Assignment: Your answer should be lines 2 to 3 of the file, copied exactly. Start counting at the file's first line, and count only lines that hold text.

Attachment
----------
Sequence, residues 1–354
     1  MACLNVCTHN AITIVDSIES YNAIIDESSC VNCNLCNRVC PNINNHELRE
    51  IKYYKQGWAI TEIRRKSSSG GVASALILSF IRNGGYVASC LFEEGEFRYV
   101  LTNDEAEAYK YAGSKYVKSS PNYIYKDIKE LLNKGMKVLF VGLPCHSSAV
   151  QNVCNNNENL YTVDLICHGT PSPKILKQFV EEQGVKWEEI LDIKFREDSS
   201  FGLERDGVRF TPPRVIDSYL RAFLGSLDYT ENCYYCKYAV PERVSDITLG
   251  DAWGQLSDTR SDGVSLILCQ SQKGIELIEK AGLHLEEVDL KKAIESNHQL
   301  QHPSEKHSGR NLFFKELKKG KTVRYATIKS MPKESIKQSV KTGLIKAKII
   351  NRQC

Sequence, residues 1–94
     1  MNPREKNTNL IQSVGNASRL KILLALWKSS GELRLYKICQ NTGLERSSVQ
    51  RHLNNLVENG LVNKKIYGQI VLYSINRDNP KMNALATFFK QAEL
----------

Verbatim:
     1  MACLNVCTHN AITIVDSIES YNAIIDESSC VNCNLCNRVC PNINNHELRE
    51  IKYYKQGWAI TEIRRKSSSG GVASALILSF IRNGGYVASC LFEEGEFRYV